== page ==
Actually Applicable Application Problems and Brainteasers/Subtraction Trick for Common Factors
Overview[edit | edit source]
Rather than a real-world situation, this is a calculation trick that you can use to make other problems easier. Because subtraction is easier than division, it's Actually Applicable in the sense that it takes something you have to do and makes it easier.
General Method[edit | edit source]
- Subtract the smaller number from the bigger number. Now you have three numbers.
- Cross out the biggest of the three numbers. Now you have two numbers.
- As long as those two numbers are different, take them back to step 1.
- If those two numbers are actually the same, they are your Greatest Common Factor. All of its factors are other common factors of the two numbers you started with.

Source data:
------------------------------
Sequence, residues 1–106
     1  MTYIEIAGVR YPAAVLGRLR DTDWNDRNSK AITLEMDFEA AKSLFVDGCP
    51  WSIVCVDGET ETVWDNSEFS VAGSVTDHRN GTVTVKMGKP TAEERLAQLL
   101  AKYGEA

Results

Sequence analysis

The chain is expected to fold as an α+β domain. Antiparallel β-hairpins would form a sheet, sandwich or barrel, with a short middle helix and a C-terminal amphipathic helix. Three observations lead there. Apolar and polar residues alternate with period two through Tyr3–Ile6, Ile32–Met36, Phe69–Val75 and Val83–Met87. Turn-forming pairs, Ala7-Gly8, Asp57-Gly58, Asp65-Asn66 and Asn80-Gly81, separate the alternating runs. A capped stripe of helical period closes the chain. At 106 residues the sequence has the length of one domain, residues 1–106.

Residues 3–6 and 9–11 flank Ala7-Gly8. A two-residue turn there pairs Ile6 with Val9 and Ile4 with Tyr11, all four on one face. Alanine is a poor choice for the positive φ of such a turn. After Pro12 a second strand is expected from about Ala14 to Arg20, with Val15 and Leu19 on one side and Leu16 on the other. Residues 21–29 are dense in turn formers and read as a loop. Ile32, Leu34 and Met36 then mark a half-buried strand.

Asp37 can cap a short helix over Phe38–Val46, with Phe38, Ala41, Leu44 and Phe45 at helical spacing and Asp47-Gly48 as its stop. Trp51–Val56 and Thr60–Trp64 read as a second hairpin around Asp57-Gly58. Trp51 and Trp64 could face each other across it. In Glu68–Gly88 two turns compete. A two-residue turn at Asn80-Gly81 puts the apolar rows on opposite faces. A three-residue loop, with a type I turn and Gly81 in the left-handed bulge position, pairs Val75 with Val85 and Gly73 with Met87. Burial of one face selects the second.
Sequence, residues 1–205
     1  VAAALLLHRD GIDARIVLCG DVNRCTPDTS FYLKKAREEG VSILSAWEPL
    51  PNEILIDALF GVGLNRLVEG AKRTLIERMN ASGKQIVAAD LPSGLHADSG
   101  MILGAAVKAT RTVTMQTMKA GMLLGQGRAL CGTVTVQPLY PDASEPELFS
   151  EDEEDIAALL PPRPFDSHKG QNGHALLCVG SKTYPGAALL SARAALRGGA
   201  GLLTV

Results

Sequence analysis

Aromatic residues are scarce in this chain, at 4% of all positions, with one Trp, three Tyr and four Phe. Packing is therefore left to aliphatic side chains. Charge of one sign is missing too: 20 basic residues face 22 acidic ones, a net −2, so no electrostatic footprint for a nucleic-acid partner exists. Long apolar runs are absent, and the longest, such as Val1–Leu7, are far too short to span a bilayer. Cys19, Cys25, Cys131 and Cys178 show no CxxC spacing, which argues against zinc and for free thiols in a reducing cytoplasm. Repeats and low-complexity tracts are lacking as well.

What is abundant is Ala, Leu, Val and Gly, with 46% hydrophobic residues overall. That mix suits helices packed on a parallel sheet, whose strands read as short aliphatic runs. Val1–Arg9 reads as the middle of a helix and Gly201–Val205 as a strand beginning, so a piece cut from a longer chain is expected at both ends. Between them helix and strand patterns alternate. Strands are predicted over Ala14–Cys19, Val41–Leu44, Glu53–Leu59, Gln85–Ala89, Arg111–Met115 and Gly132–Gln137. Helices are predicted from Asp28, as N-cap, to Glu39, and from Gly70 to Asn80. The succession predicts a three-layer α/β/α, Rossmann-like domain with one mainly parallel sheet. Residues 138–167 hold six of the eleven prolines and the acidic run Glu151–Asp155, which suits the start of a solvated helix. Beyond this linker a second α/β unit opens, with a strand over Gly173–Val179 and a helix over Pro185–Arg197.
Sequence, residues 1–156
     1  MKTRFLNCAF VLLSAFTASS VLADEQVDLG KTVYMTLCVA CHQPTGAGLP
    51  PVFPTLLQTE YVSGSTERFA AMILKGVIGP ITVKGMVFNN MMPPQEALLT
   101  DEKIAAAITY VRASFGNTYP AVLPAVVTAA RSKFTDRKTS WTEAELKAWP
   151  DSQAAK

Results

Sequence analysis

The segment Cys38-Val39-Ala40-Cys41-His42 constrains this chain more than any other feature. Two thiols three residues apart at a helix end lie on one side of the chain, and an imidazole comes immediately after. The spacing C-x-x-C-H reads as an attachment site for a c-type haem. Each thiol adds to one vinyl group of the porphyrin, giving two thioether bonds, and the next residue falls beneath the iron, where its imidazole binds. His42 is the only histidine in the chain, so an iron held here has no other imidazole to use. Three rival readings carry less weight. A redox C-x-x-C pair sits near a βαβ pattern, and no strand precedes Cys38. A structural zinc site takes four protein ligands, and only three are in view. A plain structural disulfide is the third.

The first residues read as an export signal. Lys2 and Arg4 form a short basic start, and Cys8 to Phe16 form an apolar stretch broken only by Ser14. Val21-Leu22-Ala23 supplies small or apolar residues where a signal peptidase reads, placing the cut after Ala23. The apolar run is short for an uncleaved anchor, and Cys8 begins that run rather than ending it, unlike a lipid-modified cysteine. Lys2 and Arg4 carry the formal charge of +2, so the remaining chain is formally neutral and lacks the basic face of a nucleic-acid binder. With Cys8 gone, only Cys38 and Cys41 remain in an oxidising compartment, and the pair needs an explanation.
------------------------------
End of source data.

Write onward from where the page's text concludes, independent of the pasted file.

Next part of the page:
A note about why it works[edit | edit source]
Factors of a number are smaller numbers that you can skip-count by and get the original number.
A common factor of two numbers is a factor of both.
If you skip-count by the common factor and get to two particular other numbers, the difference between them must be some number of steps of that factor. In other words, the difference between those two numbers is another number with the same common factor.
Smaller numbers are easier to work with, so keep going as long as you can.
Problems[edit | edit source]
Simplifying Fractions[edit | edit source]
One step in simplifying fractions is finding a common factor of the numerator and denominator. Find a common factor of 4 and 18 to simplify 4/18.
Make Your Own Problem[edit | edit source]
Pick any two numbers you are interested in, or are using in a situation, and find their common factors.